History of CBD and Cannabis In – Georgia
The past few years have seen a massive wave of change when it comes to cannabis laws across the world. Indeed, it seems as if you cannot turn on the news without reading about a new effort to legalize access to marijuana. These changes have occurred for a variety of reasons, including a massive shift of public opinion and varying political and legal efforts to change the law.
These changes are perfectly personified by the changing legal status of marijuana in the country of Georgia, located in Europe and bordering Russia. The country had a strict anti-cannabis policy until a change in public opinion and a recent ruling by its Constitutional Court resulted in the legalization of marijuana possession and consumption.
History of Cannabis in Georgia
Georgia’s location – located at the border of Russia, Asia and Europe – have made it a natural spot for the trafficking of many drugs, including marijuana. Additionally, cultivation was relatively common in the country.
Prior to the 2018 Constitutional Court ruling, Georgia had very harsh marijuana laws. Individuals found possessing marijuana could be sentenced to jail for up to fourteen years, giving Georgia one of the toughest marijuana sentences in all of Europe. As recently as 2006, Georgia actually strengthened their marijuana laws, increasing penalties and fines.
Reform Efforts in Georgia
Efforts to reform Georgia’s cannabis laws started in 2013, with groups and advocates pushing for lighter sentences, decriminalization and full legalization. 2015 saw the creation of the White Noise movement, a group dedicated to decriminalizing marijuana in the country. The White Noise movement became one of the leading advocates of more liberal drug policies in Georgia, and it is thought that their efforts may have ultimately impacted the country’s Constitutional Court ruling.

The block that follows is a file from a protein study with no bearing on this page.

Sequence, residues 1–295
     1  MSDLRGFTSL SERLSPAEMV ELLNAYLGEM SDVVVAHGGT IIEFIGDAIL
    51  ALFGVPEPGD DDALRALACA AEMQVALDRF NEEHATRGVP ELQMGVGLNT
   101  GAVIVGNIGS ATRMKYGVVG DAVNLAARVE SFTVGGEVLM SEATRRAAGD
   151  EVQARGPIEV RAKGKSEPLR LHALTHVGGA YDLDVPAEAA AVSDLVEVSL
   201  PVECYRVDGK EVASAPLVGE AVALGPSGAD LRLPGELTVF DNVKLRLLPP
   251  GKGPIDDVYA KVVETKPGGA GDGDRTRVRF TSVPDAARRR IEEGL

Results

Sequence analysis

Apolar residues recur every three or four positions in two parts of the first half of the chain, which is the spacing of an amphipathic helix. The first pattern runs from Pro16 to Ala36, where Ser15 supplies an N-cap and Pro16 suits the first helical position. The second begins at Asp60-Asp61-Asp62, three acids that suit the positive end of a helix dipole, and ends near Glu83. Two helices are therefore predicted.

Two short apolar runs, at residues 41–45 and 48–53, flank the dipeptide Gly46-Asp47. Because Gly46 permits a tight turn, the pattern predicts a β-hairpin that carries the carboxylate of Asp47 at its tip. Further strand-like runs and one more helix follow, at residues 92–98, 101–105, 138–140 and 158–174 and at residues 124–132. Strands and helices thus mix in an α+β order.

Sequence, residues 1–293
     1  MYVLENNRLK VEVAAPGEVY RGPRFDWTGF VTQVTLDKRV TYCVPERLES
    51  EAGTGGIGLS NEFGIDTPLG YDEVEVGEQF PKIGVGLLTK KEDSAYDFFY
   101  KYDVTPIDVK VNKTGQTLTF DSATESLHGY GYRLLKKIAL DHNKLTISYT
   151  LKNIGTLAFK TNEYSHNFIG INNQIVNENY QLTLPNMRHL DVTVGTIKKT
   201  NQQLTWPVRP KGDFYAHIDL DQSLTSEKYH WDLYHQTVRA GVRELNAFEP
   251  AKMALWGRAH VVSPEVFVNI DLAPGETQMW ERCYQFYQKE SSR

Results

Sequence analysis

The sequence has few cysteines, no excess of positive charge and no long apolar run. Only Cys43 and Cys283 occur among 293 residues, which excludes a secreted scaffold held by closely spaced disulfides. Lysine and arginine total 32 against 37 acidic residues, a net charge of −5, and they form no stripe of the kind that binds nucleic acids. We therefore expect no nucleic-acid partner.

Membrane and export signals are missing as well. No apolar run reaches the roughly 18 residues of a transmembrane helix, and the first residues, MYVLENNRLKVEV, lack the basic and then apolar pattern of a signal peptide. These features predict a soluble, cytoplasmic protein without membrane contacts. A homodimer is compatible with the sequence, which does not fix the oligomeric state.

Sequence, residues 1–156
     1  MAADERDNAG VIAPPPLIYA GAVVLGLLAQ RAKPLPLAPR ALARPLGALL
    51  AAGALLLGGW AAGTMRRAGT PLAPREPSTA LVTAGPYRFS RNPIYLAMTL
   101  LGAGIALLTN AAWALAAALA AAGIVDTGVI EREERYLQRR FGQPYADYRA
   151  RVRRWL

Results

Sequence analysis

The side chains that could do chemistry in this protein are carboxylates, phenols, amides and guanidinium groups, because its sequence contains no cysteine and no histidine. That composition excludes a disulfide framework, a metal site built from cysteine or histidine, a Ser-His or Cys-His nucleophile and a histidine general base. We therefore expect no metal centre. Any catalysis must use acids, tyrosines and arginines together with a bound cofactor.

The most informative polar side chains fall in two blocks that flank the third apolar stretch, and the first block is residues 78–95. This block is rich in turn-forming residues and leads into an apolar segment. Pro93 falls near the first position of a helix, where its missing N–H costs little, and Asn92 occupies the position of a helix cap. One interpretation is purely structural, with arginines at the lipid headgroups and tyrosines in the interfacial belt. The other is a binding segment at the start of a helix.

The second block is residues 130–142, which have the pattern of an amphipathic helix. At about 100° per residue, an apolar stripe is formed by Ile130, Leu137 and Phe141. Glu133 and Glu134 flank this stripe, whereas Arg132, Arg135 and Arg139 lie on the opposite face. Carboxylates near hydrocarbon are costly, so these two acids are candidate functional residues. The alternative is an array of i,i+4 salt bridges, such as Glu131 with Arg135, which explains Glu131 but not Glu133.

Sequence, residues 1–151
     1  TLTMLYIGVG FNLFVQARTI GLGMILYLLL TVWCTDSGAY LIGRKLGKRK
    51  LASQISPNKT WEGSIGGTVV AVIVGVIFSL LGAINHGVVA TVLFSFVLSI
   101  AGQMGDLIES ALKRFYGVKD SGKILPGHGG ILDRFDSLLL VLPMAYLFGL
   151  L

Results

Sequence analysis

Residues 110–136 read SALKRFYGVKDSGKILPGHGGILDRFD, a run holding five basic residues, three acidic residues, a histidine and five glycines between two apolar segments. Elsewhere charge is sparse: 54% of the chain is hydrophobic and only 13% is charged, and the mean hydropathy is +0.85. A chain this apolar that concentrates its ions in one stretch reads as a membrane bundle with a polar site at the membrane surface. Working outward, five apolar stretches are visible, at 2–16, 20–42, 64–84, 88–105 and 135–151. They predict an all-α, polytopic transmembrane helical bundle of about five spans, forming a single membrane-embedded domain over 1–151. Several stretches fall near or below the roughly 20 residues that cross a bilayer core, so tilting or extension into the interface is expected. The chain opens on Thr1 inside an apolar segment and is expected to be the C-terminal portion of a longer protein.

Constitutional Court Decision & Current Status
Cannabis legalization ultimately came to Georgia by way of the country’s Constitutional Court. This came in the form of a series of separate rulings. First, in October 2015, the court ruled that jailing people for personal use of cannabis was too strict a punishment, saying these sentences needed to be relaxed . It dropped the hammer in December 2016, when it ruled that imprisonment for personal use of marijuana was unconstitutional. It also said that rules against purchasing, storing and using marijuana were unconstitutional. A ruling in 2018 said that using marijuana was legal as the only person being harmed was the individual smoking. However, it did rule that prison sentences could be given out if a third party was being harmed. As such, cultivation and sale would remain publishable.
This set up a system in Georgia in which users could legally own and smoke marijuana, but could not cultivate or sell it.
The ruling ultimately made Georgia the first country which was once part of the Soviet Union to legalize marijuana.